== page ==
Contractile protein and myosin heavy chain isoform (MHCI) expression in vascular and visceral smooth muscle (SM) during fetal and postnatal life

Yhjm Arens, C. R. Rosenfeld, W. Jabbar, K. E. Kamm

Research output: Contribution to journalArticle

2 Scopus citations

Abstract

Contractile protein and MHCI expression in vascular and visceral SM is developmentally regulated; but how their patterns of expression differ is not described. We quantified contractile proteins and MHCI in aorta (Ao), bladder (Bl) and myometrium (Myo) from female fetal (n=19, 72-140d; term=145d) and postnatal (n=25; 1-120d) sheep by measuring total (TP) and soluble (SP) protein contents (pg/mg wet weight), actjn, MHC and MHCI contents (pg/mg wet weight) by SDS-PAGE, and 200 kDa MHCI by Western analysis with SMj and MHC-B specific antisera. Ao proteins gradually rose from s 100d gestation (n=6) to 3mos postnatal (n=9): TP from 65±6 [SEM] to 92±8 (R=0.40 ), SP 37±3 to 58±5 (R=0.48'), aeon 3.9±0.9 to 16±2 (R=0.62+), and MHC 2.1±0.2 to 4.5±0.5 (R=0.52+). Bl proteins rose (ANOVA'J before birth and were then unchanged: TP from 46±7 (s100d gestation, n=6) to 78±4 (130-140d gestation, n=8) to 81±6 (3mos postnatal, n=9); SP 38±5 to 58±5 to 69±5, and actin 4.4±0.3 to 12±2 to 19±1; MHC, however, gradually rose from 2.6±0.2 to 6.5±0.6 (R=0.62+). 204 kDa MHCI content in Ao and Bl rose 4.3- (R=0.68 ) and 1.5-fold (R=0.58 ), respectively, by 3mos. While total Ao 200 kDa MHCI was unchanged (1.4±0.1) during development SM; rose 80% and MHC-B fell. Conversely, Bl 200 kDa MHCI content rose 3-fold by 3mos (R=0.64 ); MHC-B was never detected. Changes in Myo protein paralleled those of Ao. Ao and Myo proteins and MHCI gradually rise during ovine development, whereas Bl proteins rise before birth and nonmuscle MHCI is absent. Differences in expression may reflect differing function of SM types during development "p<0.007.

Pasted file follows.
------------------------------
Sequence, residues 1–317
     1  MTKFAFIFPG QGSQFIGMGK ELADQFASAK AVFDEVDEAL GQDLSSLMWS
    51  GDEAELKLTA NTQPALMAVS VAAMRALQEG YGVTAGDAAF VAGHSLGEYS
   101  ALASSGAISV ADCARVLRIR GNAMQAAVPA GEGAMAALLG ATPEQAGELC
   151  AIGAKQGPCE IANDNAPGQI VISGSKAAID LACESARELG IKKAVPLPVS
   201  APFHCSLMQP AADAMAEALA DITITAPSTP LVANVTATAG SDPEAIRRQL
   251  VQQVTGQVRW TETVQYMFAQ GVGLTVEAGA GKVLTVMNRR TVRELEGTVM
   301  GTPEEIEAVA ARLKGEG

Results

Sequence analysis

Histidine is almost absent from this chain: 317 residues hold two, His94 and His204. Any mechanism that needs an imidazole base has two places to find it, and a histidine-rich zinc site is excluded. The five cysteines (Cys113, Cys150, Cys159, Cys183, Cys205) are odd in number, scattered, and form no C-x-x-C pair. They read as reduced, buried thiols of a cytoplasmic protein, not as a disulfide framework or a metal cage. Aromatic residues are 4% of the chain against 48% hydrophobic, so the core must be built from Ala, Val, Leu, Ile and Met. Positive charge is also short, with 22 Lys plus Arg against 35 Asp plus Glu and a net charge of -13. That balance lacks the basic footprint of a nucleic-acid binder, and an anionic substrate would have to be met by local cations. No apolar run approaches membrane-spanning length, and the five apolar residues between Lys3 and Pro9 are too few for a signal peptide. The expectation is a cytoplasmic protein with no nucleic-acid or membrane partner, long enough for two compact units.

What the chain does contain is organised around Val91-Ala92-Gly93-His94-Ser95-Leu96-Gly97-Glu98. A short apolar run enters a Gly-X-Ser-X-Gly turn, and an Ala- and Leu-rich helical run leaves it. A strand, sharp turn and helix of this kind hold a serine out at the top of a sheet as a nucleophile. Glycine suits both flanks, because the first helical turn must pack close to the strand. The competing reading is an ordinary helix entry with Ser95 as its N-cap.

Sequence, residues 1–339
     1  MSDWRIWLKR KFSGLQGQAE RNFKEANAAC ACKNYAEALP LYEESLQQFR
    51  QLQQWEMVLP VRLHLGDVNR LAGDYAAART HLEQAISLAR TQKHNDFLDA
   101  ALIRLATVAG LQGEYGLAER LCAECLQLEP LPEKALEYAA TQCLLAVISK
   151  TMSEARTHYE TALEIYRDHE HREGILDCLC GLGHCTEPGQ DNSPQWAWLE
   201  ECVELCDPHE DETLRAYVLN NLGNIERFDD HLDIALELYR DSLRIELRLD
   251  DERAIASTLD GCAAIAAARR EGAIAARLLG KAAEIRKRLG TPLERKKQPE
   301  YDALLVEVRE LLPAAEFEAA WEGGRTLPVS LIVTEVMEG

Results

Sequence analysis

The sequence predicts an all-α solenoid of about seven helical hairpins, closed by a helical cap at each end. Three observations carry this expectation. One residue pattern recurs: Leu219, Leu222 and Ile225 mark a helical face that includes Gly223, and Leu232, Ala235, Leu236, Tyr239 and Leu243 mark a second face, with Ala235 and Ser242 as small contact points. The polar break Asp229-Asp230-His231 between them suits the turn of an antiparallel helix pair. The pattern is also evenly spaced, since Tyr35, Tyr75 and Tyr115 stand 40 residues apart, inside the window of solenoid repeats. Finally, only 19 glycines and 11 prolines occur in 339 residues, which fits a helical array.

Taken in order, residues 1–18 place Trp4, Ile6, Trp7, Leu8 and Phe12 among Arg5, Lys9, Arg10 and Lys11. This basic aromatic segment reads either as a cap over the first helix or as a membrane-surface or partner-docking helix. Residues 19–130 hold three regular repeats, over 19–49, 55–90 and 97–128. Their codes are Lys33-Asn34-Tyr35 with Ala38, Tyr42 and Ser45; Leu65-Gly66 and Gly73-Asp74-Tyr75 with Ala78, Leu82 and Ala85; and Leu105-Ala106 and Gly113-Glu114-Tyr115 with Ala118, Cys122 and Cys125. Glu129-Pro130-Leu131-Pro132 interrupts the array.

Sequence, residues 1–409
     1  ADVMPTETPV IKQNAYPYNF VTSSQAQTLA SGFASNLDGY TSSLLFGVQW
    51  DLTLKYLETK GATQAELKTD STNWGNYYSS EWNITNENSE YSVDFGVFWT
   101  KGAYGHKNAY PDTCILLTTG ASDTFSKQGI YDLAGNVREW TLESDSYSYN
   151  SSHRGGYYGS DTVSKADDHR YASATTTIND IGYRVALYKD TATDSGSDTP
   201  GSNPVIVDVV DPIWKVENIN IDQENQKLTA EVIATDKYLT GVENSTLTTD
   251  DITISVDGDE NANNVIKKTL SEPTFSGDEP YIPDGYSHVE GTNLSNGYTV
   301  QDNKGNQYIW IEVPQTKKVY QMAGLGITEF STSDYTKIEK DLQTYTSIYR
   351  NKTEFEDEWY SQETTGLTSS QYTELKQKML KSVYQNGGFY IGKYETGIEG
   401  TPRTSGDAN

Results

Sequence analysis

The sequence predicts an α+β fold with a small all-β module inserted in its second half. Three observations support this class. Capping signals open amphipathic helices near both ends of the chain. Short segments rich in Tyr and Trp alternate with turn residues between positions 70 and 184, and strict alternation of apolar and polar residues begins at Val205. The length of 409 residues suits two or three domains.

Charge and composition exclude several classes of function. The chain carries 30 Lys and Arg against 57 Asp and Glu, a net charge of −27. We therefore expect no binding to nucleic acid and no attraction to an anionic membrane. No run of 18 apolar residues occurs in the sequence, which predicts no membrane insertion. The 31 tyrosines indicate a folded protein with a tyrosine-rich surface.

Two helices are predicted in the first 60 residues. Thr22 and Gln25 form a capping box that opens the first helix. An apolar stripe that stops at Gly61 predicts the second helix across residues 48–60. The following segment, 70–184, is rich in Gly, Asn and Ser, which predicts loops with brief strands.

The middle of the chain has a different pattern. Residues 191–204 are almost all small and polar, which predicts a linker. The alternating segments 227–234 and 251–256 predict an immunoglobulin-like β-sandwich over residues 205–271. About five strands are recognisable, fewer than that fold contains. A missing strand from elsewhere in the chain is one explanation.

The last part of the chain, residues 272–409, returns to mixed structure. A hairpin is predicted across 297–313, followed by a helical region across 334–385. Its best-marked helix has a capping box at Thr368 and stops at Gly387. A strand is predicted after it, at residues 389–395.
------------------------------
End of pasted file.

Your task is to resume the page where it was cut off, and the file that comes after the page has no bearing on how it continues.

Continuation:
Original languageEnglish (US)
Pages (from-to)A312
JournalFASEB Journal
Volume10
Issue number3
StatePublished - Dec 1 1996

ASJC Scopus subject areas

  • Biotechnology
  • Biochemistry
  • Molecular Biology
  • Genetics

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